The inhibitory effect of staurosporine on FM1-43 release remains very puzzling and of difficult interpretation. Increasing evidence suggests that vesicle fusion and budding may correlate with metabolic changes in lipid components of the membranes (De Camilli et al., 1996). It cannot be excluded that retention of FM1-43 after staurosporine treatment may reflect changes produced by this protein kinase inhibitor on membrane lipids that may modify the rate of dissociation of the dye from membranes. Indirect effects of staurosporine, mediated by a general reduced motility of the submembranous cytoskeleton, also may play a role in this phenomenon.
Recent FM1-43 studies have indicated that the bulk of synaptic vesicles present in nerve terminals of cultured CNS neurons undergo recycling within the first minute of depolarizing with KRH/high K+(Ryan and Smith, 1995). Labeling of only a fraction of synaptic vesicles by either HRP or Sytlum-Abs after 10 min incubations in KRH/high K+ (Fig. 7) probably is explained by the low probability of these macromolecular probes to enter a vesicle at the protein concentrations that typically are used for these experiments. In this study, the concentrations of soluble HRP and HRP/Sytlum-Abs were 10 mg/ml and 10 μg/ml, respectively. These concentrations are much lower (on a molar basis) than the concentrations that can be achieved with FM1-43. Note that a similar proportion of labeled vesicles can be obtained (Fig. 7) with a 1000-fold lower concentration of Sytlum-Abs (a high-affinity ligand for the inner face of the vesicle) than with free HRP (a fluid-phase marker). The proportion of vesicles that can be labeled by Sytlum-Abs was found to increase by increasing the concentration of antibodies (O. Mundigl, L. Daniell, P. De Camilli, unpublished observations), thus indicating that the partial labeling of the synaptic vesicle population by these probes is not attributable to two qualitatively different types of exo-endocytotic events. A single peroxidase molecule is sufficient to generate reaction product in a small vesicle (Stinchcombe et al., 1995), and therefore is possible that labeled synaptic vesicles may reflect presence in the lumen of a single enzyme molecule.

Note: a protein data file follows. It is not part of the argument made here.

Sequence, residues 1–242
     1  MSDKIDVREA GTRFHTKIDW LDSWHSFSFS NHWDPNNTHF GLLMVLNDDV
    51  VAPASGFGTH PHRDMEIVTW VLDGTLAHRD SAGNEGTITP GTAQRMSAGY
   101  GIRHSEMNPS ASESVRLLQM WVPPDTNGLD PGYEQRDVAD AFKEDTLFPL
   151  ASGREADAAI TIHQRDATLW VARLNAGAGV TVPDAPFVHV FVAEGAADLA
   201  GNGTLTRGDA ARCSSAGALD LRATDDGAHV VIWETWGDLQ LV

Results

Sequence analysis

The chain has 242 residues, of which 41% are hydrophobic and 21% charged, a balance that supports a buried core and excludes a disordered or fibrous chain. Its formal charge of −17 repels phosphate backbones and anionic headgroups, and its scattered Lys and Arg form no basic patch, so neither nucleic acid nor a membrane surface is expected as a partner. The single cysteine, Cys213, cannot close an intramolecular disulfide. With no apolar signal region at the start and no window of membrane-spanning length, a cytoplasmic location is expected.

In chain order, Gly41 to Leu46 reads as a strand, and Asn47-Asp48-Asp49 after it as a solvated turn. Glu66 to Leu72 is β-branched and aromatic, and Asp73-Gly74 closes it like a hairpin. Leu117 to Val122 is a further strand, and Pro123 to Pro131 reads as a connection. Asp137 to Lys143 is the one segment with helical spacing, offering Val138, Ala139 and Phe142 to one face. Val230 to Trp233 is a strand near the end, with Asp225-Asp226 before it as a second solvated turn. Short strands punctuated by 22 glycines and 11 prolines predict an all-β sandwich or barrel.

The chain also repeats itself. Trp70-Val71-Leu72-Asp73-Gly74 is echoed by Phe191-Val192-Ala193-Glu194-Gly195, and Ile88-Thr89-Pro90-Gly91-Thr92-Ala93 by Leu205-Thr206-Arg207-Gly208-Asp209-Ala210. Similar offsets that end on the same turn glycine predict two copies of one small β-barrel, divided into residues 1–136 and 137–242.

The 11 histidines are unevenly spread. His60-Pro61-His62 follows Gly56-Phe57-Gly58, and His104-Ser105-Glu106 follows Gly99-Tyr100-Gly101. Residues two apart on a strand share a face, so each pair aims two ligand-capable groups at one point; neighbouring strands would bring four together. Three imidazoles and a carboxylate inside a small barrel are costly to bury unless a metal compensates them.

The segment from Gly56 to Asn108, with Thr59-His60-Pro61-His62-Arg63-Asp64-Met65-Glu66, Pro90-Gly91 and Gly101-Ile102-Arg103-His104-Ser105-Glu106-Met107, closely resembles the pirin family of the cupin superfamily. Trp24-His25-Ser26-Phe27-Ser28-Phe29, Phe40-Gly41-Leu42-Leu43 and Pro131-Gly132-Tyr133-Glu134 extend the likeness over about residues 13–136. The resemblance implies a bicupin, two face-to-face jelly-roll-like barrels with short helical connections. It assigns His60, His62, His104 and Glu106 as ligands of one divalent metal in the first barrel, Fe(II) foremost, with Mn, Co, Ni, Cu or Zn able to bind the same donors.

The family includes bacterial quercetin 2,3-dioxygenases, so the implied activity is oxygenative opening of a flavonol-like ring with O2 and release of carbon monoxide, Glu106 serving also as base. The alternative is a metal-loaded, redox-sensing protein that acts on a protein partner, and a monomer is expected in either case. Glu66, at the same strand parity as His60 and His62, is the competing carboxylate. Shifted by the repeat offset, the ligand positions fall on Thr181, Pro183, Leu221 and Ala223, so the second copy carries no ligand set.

In conclusion, our results provide some new information on the dynamics of synaptic vesicles in nerve terminals. They indicate that interactions of the vesicle membrane with the cytomatrix change as the vesicle proceeds through its cycle. They demonstrate major differences in the mechanisms that translocate vesicles toward, and away from, the presynaptic plasmalemma, and indicate a much greater vesicle membrane motility during the endocytic limb of the cycle. They are consistent with a model in which synaptic vesicles do not reform directly from the site of exocytosis to be recaptured immediately in the presynaptic cluster. They indirectly support a participation of clathrin-coated vesicles and endosome-like intermediates in synaptic vesicle recycling, as suggested by other studies (Miller and Heuser, 1984; Takei et al., 1996).
This study was supported in part by grants from the Donaghue Foundation, National Institutes of Health (CA46128, DK43078), and the Human Frontier Science Program to P.D.C. We thank Drs. A. Hudson and M. Solimena for critical comments on this manuscript and L. Caron for assistance in confocal microscopy.
Correspondence should be addressed to Dr. Pietro De Camilli, Department of Cell Biology, The Howard Hughes Medical Institute, Yale University School of Medicine, 295 Congress Avenue, New Haven, CT 06510.